Managing Arthritis

Tips for the Newly Diagnosed

A man looking away

You've just been diagnosed with arthritis, and the future might feel uncertain and overwhelming. While arthritis can be a life-altering diagnosis, with daily management and care you can still have a full and healthy life. Below are some first steps to help you thrive as you manage this chronic disease.

Learn to read your body.

When symptoms of arthritis flare up, they can be disruptive and feel largely out of your control. However, you can influence some external factors that may contribute to the severity and frequency of your symptoms. Stress, for example, can aggravate arthritis symptoms, and so can changes in barometric pressure (yes, your arthritis may give you the power to predict the weather!). Being attuned to your body will help you take better care of yourself. While this is not an exact science, and flare ups may not be entirely avoidable, this information can help you predict some flare ups and give you a better understanding of why they may happen. Record your symptoms in a symptom journal along with any factors you think might be relevant, such as your activity level, any exercise you do, the weather, your stress level and how much you sleep. Understanding your body's sensitivities is a key part in managing and taking control of your life with arthritis.

Pay attention to what you eat.

The Greek physician Hippocrates said, "Let food be thy medicine and your medicine thy food." With a diagnosis of arthritis, it’s more important than ever to eat a wholesome diet, one that supports feeling well and a healthy weight. Managing your inflammation can also be supported by paying attention to the effects of certain foods on your body.

While the current scientific evidence is conflicting, anecdotal evidence suggests that what we eat may increase inflammation, at least for some individuals. People living with arthritis may be eager to share that they are sensitive to sugar, dairy, nightshades or meat, but it is important to figure out how you respond to what you eat. Add this to your symptom journal, if you keep one. An elimination diet can be a helpful way to test what foods might aggravate your symptoms. However, before you decide to eliminate anything from your diet, talk to your healthcare professional about your plans, and don’t forget to keep track of how you feel. Afterwards, try adding the foods that were giving you trouble back into your diet and note any changes in your Food and Mood tracker.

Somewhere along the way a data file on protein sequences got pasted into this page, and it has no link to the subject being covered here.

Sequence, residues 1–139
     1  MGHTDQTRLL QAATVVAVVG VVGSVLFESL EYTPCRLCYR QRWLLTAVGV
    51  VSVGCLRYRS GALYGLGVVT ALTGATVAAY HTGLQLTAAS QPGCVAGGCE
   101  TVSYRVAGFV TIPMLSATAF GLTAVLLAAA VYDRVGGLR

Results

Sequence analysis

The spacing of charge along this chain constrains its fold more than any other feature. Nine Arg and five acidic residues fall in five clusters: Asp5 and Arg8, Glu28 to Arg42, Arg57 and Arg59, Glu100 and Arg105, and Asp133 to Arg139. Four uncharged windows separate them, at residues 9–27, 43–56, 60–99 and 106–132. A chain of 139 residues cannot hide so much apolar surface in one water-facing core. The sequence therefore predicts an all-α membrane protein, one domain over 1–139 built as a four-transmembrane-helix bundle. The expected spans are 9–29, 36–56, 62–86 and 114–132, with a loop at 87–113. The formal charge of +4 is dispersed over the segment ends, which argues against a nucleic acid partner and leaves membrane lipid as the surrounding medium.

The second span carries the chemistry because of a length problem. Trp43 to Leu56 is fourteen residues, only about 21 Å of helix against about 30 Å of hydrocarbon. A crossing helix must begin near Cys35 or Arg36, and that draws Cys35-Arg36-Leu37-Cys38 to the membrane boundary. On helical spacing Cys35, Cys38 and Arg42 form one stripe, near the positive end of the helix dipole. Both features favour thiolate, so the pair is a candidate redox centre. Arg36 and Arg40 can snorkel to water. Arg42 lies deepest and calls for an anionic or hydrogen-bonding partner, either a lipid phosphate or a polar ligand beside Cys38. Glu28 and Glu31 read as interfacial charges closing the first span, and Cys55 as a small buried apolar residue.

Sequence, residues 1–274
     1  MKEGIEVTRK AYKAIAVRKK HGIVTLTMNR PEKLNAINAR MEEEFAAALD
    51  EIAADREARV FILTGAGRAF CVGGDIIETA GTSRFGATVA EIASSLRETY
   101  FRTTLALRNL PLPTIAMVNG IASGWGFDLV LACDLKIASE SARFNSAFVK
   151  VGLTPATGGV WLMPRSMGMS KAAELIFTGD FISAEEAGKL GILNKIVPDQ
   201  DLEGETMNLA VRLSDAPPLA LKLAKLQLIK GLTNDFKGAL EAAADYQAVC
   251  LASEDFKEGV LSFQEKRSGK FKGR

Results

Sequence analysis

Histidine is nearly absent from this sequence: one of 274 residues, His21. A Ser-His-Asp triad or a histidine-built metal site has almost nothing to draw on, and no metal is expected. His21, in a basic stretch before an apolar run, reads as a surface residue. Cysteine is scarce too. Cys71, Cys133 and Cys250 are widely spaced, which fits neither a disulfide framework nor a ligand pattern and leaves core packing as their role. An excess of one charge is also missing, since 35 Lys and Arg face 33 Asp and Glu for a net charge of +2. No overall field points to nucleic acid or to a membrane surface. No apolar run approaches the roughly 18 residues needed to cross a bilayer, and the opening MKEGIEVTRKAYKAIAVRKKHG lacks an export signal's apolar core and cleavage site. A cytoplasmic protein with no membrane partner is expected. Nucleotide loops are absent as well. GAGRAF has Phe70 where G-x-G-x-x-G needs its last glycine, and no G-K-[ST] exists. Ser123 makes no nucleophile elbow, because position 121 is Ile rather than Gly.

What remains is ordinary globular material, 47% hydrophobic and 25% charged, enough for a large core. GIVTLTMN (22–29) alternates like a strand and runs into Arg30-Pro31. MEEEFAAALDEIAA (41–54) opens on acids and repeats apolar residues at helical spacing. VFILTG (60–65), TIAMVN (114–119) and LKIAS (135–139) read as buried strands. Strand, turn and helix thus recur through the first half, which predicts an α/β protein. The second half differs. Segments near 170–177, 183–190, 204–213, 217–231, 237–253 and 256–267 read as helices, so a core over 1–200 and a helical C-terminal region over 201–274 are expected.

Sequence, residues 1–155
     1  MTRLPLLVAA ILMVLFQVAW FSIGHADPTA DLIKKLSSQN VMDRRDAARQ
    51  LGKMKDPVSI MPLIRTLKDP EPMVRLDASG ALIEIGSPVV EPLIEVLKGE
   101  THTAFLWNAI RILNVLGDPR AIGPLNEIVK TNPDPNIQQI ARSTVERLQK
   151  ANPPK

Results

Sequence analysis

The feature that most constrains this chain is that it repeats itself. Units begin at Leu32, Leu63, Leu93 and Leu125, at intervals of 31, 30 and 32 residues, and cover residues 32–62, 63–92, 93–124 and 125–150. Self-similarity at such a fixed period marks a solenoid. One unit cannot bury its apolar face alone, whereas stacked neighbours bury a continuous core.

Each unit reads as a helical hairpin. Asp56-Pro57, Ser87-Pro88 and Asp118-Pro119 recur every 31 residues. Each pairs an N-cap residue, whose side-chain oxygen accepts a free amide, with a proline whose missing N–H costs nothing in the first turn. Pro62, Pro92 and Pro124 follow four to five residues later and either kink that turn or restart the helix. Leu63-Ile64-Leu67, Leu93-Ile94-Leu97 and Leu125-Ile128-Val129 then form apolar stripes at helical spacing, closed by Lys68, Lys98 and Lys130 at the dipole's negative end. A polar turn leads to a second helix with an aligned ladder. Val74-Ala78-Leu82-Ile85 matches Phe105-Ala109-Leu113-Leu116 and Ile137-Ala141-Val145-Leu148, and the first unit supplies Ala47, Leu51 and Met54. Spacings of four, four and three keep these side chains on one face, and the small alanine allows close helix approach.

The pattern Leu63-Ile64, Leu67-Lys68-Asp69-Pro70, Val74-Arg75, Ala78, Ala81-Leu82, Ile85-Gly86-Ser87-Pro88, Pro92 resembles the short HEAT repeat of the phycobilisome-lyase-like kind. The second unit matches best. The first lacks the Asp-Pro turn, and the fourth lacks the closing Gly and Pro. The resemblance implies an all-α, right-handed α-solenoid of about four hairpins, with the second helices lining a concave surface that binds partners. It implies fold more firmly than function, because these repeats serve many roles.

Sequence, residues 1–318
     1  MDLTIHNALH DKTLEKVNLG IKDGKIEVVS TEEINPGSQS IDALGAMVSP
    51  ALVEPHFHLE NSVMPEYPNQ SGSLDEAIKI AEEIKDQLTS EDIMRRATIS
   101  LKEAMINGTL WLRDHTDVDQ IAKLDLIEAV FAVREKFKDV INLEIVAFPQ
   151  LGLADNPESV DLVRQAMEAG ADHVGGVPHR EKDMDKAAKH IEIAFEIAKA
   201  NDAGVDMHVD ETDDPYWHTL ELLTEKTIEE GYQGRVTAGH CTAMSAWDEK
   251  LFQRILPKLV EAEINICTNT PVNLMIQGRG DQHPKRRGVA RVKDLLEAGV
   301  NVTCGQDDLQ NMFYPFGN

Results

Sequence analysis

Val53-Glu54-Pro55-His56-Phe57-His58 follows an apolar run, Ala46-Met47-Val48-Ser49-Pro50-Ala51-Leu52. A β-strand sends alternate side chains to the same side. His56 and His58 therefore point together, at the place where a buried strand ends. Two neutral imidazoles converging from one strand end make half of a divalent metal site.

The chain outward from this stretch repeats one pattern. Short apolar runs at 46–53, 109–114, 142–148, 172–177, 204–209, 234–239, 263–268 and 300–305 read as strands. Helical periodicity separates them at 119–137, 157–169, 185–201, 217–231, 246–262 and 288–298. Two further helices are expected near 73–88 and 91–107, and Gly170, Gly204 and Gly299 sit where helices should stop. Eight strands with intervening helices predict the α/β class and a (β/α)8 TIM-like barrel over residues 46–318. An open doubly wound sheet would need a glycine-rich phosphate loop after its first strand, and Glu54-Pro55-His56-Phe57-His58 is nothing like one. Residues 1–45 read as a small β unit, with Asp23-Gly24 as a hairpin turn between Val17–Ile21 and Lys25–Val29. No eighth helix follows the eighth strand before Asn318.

If you make any long-term changes to your diet, talk to your doctor and a nutritionist to be sure you are still getting the nutrients you need.

Enjoy taking care of yourself.

A new diagnosis is stressful and chronic pain can make managing work and family commitments difficult; but it’s important to take care of yourself first in order to take care of others. Give yourself the time and permission to look after yourself. Try relaxation techniques such as meditation to calm your mind. Pamper your joints in warm baths or visit a pool with a hot tub. Get enough sleep. Take pleasure in cooking yourself food that makes you feel good. The time you spend taking care of your health is never wasted time.

Keep moving.

Keeping active and strong is an important part of managing your disease. However, intense forms of exercise may not be realistic or beneficial for you in the long term. If you don’t already participate in some form of low-impact activity, this is an opportunity to try something new.

Yoga, for example, is a gentle, full-body exercise you can do from home. Swimming and aquafit are great low-impact, full-body exercises as well, and the water can feel soothing on inflamed joints. If you have access to a pool with warmer water, that’s a bonus! Aquafit classes are not only a great form of exercise no matter how old you are, but you’ll likely meet other participants living with some form of joint pain. Never underestimate the community you will find through shared understanding!

Keeping your muscles strong helps support your joints, so you may want to talk with a physiotherapist about exercises that target areas weakened by flare ups. Participating in a form of activity that you love is the surest way to support your health in the long-term. Just be mindful of how this activity makes you feel, and don't push yourself through pain.

Be your greatest advocate.  

Taking an active role in your care can include:

  • Educating yourself about your arthritis diagnosis.
  • Learning about the medications you’re taking and talking to your pharmacist about any possible interactions with other treatments
  • Asking questions about your condition.

Being knowledgeable about your disease will help you feel in control and will lead to better health outcomes.

Focus on the possibilities, not the pain.

As you go through life with arthritis, you will face physical limitations. You might feel frustrated at times and that’s okay, but there is power in positivity, so keep your focus on what you can do, not on what you can't. You’ll gain new perspectives and opportunities as you navigate life with arthritis because this disease will alter your body, which can in turn alter your relationship to yourself and to the world around you.   Celebrate the small victories, and the days when you feel great. And above all, be patient with yourself and kind to your body.